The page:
VERE-FOSTER's Penny Emigrant Guide
  "Emigration to North America"


     The following information for the use of intending Emigrants, and of persons having superfluous money, and desirous to use it in bettering the condition of the poor of the United Kingdom, is founded on personal experience and observation.
  I sailed from Liverpool to New York on the 27th of October, 1850, as a steerage passenger, in the packet ship "Washington,"   in company with 933 fellow passengers, providing myself with
the usual emigrant's fare, and cooking my own provisions; and afterwards travelled 10,500 miles, within the limits of the   United States and Canada, for the express purpose of ascertaining, by personal observation, the requirements of emigrants on board ship, and their prospects of employment in different parts of  those countries. My journal of the voyage was printed in 1851  by order of the House of Commons, and may be had through any  bookseller, price three half-pence. Paper 198-51. To such   persons as desire further information, I recommend J.O'Hanlon's  Irish Emigrant's Guide, price 1s., which may be had, on  personal application only, at the Emigrant Society's Office,  Northumberland-buildings, Dublin, or  which I am ready to  send free by post on receipt of twelve postage stamps, directed,  before the 30th April, to 5, Whitehall-yard, London, and after  that time to Post Office, Dublin.  The Colonization Circular of the Commissioners of Emigration,  price 3d., will also give much useful information.
    The advantages of emigration to North America, rather than to Australia, wages being about the same in both countries, are  as follows: -
1.   Because, while the lowest expense of passage for one person  to Australia is 15, six persons can often get for less than that sum to North America; and while the one in Australia can earn
the means of sending one relation, the six in America can earn the means of sending for thirty six of their relations, and even more, for they will lose five months less time in their own voyage out and the voyage home of their money letters,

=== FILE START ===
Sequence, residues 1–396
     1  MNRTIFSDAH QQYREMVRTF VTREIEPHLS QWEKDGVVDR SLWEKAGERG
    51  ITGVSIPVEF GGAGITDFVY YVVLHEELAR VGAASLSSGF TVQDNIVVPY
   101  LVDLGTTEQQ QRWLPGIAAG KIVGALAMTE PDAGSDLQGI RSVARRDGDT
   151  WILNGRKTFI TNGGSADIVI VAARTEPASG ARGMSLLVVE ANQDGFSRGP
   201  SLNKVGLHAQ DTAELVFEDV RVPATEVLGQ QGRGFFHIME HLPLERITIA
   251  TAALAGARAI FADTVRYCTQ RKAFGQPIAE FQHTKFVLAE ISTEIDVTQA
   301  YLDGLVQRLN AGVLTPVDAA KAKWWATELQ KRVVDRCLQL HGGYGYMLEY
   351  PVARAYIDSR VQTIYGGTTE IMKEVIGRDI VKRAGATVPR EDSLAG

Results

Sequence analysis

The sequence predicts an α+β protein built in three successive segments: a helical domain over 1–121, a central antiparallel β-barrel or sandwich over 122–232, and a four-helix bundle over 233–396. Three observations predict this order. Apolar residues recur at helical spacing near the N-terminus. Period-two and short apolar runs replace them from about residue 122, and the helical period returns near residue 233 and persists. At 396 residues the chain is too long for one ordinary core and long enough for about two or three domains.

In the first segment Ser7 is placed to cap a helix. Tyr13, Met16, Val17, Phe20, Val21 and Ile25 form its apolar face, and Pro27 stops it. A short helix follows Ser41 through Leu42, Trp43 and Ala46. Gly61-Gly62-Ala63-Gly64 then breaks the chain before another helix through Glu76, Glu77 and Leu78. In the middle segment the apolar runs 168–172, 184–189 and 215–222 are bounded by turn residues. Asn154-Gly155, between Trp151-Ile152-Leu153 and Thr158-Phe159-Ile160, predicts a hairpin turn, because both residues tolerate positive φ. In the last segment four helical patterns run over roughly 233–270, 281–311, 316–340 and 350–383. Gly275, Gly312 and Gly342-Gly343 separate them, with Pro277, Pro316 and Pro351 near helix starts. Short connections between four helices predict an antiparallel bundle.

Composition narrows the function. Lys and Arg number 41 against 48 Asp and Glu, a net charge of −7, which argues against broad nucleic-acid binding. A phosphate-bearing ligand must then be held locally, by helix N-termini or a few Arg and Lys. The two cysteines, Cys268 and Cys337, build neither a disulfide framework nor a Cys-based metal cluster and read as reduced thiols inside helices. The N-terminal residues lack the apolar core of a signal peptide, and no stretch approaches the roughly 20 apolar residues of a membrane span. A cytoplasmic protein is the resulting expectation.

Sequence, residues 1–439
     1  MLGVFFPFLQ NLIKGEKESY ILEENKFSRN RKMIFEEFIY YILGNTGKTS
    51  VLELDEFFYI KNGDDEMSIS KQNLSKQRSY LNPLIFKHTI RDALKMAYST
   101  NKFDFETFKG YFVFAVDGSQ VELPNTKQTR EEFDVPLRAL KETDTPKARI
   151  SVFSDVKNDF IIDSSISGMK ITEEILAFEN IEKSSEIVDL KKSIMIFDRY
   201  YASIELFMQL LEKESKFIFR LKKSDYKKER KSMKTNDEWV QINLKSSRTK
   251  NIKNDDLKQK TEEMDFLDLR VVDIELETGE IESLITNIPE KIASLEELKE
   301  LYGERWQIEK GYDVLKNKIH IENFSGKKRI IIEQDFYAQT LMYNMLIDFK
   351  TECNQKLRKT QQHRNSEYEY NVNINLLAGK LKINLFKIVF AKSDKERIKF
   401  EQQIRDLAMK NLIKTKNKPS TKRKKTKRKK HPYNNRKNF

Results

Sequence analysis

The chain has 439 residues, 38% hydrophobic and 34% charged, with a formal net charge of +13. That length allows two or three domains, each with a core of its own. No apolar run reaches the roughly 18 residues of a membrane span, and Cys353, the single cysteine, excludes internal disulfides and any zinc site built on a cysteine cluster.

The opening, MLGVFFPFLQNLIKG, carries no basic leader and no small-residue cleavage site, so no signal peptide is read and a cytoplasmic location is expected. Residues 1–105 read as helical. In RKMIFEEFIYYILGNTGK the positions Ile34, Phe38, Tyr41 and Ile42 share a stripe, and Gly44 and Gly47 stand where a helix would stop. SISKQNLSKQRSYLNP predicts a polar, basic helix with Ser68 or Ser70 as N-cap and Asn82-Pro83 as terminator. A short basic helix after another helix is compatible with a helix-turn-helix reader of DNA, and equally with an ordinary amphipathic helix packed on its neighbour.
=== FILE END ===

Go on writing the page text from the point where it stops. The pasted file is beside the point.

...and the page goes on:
2.   Because in North America a very large number of emigrants are much more sure of finding employment, owing to their being a much larger resident population to give employment; since all
the Australian Colonies, Van-Dieman's Land, and New Zealand, put together, do not contain much over, 350,000 inhabitants, including natives, and between twenty and thirty thousand convicts,
whereas the population of North America exceeds already 26,000,000
3.   Because the price of land is far cheaper, The United States hold some further inducements than Canada, among which I will mention two, namely: -
 1.  That wages are higher in all parts of the United States than in almost any part of Canada, and the winters are less long and severe, consequently there is a more certain prospect of constant employment the year round.
 2.  That, while the lowest price of the worst Government land in Upper Canada, which is the only part of Canada worth emigrating to, is 6s. 7d. per acre; in Australia,  1 per acre; the price of the best Government land in the United States is only 5s. 3d. per acre.
     The best parts of North America for emigrants to go are the  peninsula of Upper Canada between Lakes Ontario, Erie, and Huron, the country back of Toronto, the State of Ohio, Western New York, Western Pennsylvania, Western Virginia, Indiani, and the more thickly settled parts of Illinois, Missouri, Iowa, and Wisconsin. In all these States, except Iowa, railroads and other public works are being carried on extensively, and Iowa will, no doubt, soon begin.
       The usual wages throughout the United States and the Canadian Peninsula for servant girls are from four to eight dollars a   month, besides their board, a dollar being equal to 4s. 2d.   Newly arrived emigrants must not expect four dollars, and  good cooks may, in large houses, after a time get as much  as twelve dollars. The wages of farm labourers, in addition  to board, lodging, and washing, vary from eight to eighteen  dollars per month. Daily wages on public works throughout all
parts of the United States are one dollar a day, or more, in  summer, and from 3s. to 3s. 6d. in winter  Board and lodging  costs usually about 2 dollars a week, varying from 1 3/4 to 3  dollars a week. The wages of other persons are as follows, for which my authority is O'Hanlon's Guide: -
                         s. d.     s. d.
Carpenters       6  3  to  8  4 per day and found.
Bricklayers       6  3  to  9  4 per day not found.
Masons            5  2  to  8  4 per day and found.
Plasterers         6  3  to  8  4 per day and found.
Painters            6  3  to 12  6 per day not found.
Tailors              4  2  to  6  3 per day not found.
Boot and Shoemakers  5  2  to  6  3 per day not found.
    Clerks and shopmen will with difficulty get situations. Teachers will be welcome to board and lodging, but very little pay. Young women emigrating should not omit to take testimonials
with them.
    Vessels sail for America from Liverpool, London, Glasgow, Dublin, Cork, Limerick, Galway, and Londonderry. As regards mere ships, Liverpool ranks highest; as regards treatment of passengers, lowest. The principal ports of arrival in America are Quebec, Boston, New York, Philadelphia, and New Orleans.